Strong families made through six important, practiced qualities

  • Published
  • By Chaplain (Maj) Steven Nicolai
  • 71st Flying Training Wing
"Military murders: A string of slayings involving the wives of Fort Bragg soldiers has raised concerns in this military community about the stress wartime deployments may be adding to already shaky marriages." The Associated Press, July 26, 2002
While this occurrence is miniscule compared to the thousands of deployments that occur in the military, it does highlight the concern that spouses and their children need to learn how to work out the difficulties of separation.
The forming of families doesn't happen magically; it requires time, attention and nurture. It begins long before the start of a deployment, and needs to be maintained during the deployment and the reunion after.
Dr. Nick Stinnett, on behalf of the Logos Research Institute, Inc., led a research project to learn the secrets of strong families. When analyzed, it boiled down to six major qualities. The research also showed that these qualities just didn't happen; they are the result of deliberate intention and practice.
What are these six characteristics?
First, strong families don't expect perfection from each other; they accept each other as they are but also accept responsibility and work together as a team.
Second, happy families make time for each other. They work, they plan, they struggle and they play together. And while we may not have as much time together as we'd like, we can be intentional about the quality of time together that we do have.
Third, successful families have effective communications. This includes not only the ability to express one's thoughts, ideas and opinions, but also his or her feelings and have them accepted.
Fourth, affirming families express appreciation to each other. No one gets tired of hearing "thank you for...," "I appreciate you when..." or "I love you because you're you."
Fifth, satisfied families accept crises as normal and know how to work through them. Conflict management can draw strong families together and make them stronger.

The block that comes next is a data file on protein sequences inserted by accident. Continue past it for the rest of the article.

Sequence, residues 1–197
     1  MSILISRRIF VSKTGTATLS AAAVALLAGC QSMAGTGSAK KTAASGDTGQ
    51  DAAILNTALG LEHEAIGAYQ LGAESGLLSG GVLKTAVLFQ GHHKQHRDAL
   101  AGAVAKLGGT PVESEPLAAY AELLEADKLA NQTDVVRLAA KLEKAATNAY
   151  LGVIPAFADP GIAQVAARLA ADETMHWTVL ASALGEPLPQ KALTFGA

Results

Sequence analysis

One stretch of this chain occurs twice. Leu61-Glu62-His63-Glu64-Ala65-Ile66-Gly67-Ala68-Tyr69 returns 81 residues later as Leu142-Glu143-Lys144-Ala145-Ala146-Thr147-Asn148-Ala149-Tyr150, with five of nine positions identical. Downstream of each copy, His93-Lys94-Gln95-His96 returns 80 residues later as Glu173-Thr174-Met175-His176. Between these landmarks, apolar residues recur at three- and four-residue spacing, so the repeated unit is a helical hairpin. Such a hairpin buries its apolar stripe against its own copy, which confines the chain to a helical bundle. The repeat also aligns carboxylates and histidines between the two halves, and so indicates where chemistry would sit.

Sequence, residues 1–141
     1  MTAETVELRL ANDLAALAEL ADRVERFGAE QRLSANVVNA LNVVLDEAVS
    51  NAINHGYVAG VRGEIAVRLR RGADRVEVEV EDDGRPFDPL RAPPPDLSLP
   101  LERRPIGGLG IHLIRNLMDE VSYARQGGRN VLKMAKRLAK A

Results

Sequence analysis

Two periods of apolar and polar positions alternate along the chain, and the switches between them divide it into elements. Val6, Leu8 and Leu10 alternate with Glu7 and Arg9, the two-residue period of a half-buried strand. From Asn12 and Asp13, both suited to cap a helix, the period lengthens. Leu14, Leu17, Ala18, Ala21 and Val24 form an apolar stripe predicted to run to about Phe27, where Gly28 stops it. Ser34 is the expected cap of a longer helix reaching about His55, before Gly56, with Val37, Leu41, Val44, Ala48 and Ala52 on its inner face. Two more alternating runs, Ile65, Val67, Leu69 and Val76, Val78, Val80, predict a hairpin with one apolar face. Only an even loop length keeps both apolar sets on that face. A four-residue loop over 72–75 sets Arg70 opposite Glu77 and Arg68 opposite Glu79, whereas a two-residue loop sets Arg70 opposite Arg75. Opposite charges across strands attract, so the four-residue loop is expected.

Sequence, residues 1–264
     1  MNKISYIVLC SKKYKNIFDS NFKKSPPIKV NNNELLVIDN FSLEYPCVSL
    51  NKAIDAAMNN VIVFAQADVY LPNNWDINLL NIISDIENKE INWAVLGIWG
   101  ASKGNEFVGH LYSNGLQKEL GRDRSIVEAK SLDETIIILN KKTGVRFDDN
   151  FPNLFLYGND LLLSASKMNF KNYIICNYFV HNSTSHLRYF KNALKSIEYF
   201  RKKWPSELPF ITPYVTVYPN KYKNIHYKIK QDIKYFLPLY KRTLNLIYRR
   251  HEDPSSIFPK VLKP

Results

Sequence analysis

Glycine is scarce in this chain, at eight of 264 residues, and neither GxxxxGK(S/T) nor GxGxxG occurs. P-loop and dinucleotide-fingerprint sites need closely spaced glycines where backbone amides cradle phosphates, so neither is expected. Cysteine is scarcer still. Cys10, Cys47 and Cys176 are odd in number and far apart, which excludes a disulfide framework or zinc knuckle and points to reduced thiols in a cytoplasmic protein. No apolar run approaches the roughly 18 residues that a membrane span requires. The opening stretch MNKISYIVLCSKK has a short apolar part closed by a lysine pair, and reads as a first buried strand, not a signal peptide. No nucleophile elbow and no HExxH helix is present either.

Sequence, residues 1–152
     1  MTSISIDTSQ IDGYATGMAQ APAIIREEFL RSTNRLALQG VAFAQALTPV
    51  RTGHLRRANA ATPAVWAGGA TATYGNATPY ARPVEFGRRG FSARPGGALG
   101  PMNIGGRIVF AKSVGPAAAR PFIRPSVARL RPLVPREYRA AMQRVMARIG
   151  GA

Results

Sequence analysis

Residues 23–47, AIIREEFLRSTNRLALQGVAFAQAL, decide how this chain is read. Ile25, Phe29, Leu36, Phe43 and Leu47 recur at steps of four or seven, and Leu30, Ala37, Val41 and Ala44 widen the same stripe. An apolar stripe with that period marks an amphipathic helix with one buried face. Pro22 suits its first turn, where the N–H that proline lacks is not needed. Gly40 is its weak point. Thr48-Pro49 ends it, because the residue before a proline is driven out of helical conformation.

Sixth, holistic families have a strong spiritual commitment. A number of studies show that couples and families who worship together have a better chance of having a "very happy" marriage and family than those who don't go to worship.
One of the things my family did during my deployments was to pray for one another at the same time of day. We figured out the time difference between deployed and home locations, and established a suitable time for both places. Then we pulled out a picture of our family and prayed for one another, knowing that at the very same time, we were being upheld in prayer as well.
There are many resources on base offered through family advocacy, family support, life skills and the chapel, which are meant to strengthen your marriage and family. These programs include, among other things, classes on parenting and communication, stress and anger management, employment opportunities, a toddler's playgroup and a deployed spouse support group. The chapel offers weekly worship services, bible studies and counseling services (as do the other base agencies) to support you in your daily routines as well in life's changes and uncertainties. A key factor in all these resources, I believe, is they are staffed by military members who understand the challenges of the military life and who are no stranger to the difficulties presented by deployments and reunions.
The forming of families doesn't happen magically; it requires time, attention and nurture. Take time now to form your family; learn to enjoy one another and celebrate life together.